While Stabilant 22/22A/22E is known primarily for its property of providing the reliability of a soldered joint without forming a physical bond, it is becoming increasingly used in a dual role: not only for the reliability increase, but as an insertion aid for both machine and hand-insertion of IC's!
Quite often, when an IC is inserted in a socket, one or more of the pins will buckle and bend-under. Sometimes this is not detected until the system is powered-up, and it shows a fault. In some cases, it might not be detected until some program does not run properly! Because of the large number of IC's used in many computers, the job of locating a single bent-under pin is often very difficult. And when a number of boards are being hand-stuffed with "socketed" IC's, there is an excellent chance that this problem will occur.
When Stabilant 22 is used on the IC pins, its lubricating qualities reduce the insertion forces on the individual pins, making it much less likely that any pin will be bent-under.
An applicator can be made by using a rectangle of the conductive foam used to transport static-sensitive IC's. Using five-minute epoxy, glue this material on the bottom of a container,-such as a petri-dish or a shallow tin. Stabilant 22 (as the concentrate) is then poured over the foam pad.
To use, the IC is picked out of the dispenser with a standard tool, and its pins thrust into the pad in order to wet them with the Stabilant. (While a small amount will b left on the bottom of the IC this will not affect its performance.) The IC is then inserted into its socket in the usual fashion. It will be noticed that there is less insertion resistance.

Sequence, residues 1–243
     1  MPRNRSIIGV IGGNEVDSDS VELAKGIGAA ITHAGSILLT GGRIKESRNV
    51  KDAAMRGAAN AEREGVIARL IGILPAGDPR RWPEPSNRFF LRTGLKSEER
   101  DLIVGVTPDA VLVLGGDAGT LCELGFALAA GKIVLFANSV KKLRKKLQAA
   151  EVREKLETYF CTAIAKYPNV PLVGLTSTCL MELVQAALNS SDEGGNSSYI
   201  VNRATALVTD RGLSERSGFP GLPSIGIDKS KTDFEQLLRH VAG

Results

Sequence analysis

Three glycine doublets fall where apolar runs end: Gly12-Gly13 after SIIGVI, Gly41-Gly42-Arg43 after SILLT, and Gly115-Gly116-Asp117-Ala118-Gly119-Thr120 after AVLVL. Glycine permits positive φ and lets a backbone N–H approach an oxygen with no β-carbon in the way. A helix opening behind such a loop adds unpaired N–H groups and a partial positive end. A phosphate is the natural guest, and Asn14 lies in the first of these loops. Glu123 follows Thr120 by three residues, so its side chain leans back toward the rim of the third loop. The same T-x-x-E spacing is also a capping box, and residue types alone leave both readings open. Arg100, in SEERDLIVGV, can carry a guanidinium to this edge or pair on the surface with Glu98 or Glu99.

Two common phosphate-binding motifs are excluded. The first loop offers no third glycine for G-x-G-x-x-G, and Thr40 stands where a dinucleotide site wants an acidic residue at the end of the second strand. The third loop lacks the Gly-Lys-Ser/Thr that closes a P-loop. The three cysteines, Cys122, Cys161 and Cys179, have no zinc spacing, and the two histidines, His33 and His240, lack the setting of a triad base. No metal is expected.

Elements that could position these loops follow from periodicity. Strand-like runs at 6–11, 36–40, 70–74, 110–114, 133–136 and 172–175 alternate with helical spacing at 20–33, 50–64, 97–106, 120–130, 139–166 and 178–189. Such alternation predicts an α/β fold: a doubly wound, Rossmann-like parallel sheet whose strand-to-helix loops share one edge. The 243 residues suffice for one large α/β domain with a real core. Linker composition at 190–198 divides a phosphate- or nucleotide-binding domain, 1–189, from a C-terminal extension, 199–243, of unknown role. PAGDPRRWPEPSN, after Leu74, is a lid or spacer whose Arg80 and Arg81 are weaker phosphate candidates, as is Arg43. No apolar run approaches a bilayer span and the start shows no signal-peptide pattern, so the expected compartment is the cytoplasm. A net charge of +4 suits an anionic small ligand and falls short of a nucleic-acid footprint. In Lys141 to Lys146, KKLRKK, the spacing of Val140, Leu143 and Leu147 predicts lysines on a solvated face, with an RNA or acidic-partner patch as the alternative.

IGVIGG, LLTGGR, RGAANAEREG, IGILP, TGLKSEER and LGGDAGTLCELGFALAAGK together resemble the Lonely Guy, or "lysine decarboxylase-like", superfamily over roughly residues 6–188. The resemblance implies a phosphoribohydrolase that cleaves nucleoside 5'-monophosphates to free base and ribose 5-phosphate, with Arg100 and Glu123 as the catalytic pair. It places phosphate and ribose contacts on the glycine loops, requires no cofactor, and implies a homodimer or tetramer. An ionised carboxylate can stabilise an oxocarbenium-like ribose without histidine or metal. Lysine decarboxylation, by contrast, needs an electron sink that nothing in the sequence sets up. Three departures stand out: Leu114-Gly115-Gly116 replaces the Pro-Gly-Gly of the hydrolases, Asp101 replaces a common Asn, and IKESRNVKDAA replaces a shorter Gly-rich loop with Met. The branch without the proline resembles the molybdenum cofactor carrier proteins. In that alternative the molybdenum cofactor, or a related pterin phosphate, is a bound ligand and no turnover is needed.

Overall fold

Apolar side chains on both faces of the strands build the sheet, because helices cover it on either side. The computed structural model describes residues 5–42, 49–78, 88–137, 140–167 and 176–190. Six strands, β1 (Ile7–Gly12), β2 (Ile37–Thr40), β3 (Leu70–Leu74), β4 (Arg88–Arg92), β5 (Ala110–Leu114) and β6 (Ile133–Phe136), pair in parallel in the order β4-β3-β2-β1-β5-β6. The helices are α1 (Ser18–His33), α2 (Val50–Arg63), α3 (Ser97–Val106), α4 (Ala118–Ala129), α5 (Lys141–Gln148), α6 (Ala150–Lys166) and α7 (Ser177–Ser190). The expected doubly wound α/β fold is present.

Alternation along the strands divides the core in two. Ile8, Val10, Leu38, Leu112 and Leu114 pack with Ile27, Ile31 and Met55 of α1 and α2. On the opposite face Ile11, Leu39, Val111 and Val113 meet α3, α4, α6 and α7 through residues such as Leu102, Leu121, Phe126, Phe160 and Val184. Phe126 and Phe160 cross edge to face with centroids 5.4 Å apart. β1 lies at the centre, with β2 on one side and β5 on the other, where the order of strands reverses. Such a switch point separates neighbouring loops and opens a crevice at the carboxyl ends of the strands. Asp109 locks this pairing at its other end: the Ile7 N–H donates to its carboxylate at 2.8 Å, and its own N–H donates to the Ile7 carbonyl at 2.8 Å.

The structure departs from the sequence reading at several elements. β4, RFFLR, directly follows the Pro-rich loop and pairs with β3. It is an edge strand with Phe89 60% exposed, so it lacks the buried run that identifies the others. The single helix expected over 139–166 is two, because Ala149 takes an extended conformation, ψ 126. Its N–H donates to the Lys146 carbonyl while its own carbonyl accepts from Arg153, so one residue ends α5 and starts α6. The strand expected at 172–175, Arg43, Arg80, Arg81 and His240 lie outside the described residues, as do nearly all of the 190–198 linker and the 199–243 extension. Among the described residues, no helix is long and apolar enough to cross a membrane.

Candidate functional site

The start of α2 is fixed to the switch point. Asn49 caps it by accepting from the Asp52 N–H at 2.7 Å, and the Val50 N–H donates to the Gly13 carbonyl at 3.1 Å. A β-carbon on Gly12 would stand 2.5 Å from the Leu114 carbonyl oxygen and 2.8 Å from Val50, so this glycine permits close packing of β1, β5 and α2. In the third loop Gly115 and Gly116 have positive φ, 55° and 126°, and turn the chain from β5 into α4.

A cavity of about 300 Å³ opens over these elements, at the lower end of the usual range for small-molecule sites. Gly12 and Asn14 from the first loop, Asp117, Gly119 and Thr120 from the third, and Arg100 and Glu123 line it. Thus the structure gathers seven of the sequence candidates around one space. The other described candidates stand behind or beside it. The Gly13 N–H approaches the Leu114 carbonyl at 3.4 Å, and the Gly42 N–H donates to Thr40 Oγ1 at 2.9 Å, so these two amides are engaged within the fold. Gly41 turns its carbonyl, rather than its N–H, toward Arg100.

The use of Stabilant 22 is not a substitute for having the pins of the IC properly lined up or aligned in properly spaced parallel rows.
While hand insertion of IC's without the use of a tool is made much easier when Stabilant 22 is used as a lubricant, we suggest that a tool be used wherever possible.
The lubricating quality will, of course, be reduced as the Stabilant is diluted. If it is necessary to dilute it, we would suggest that a small amount of isopropyl alcohol be used - no more than 1 part of isopropyl alcohol to 3 parts of Stabilant 22 by volume.
Yes, but as Stabilant 22A is diluted 4:1 with isopropyl alcohol, much more will have to be applied to the pins and its lubricating qualities will be realized only after the alcohol evaporates. This could slow down the process of IC insertion.
Stabilants are a product of Dayton Wright research & development and are made in Canada
NATO Supply Code 38948
15 mL of S22A has NATO Part # 5999-21-900-6937
The Stabilants are patented in Canada - 1987; US Patent number 4696832. World-wide patents pending. Because the patents cover contacts treated with the material, a Point-of-sale License is granted with each sale of the material.
Stabilant, Stabilant 22, and product type variations thereof are Trade Marks of D.W. Electrochemicals Ltd.
© Copyright 1987, '88. '89, '90 - D.W. Electrochemicals Ltd. This note may be reproduced or copied, provided its content is not altered. The term "contact enhancer", © 1983 Wright Electroacoustics.
NOTICE: This Application Note is based on customer-supplied information, and D.W. Electrochemicals is publishing it for information purposes only. In the event of a conflict between the instructions supplied by the manufacturer of the equipment on which the Stabilant material was used, and the service procedure employed by our customer, we recommend that the manufacturer be contacted to make sure that warranties will not be voided by the procedures.
While to our knowledge the information is accurate, prospective users of the material should determine the suitability of the Stabilant materials for their application by running their own tests. Neither D.W. Electrochemicals Ltd., their distributors, or their dealers assume any responsibility or liability for damages to equipment and/or any consequent damages, howsoever caused, based on the use of this information.
Stabilant, Stabilant 22, and product type variations thereof are Trade Marks of D.W Electrochemicals Ltd.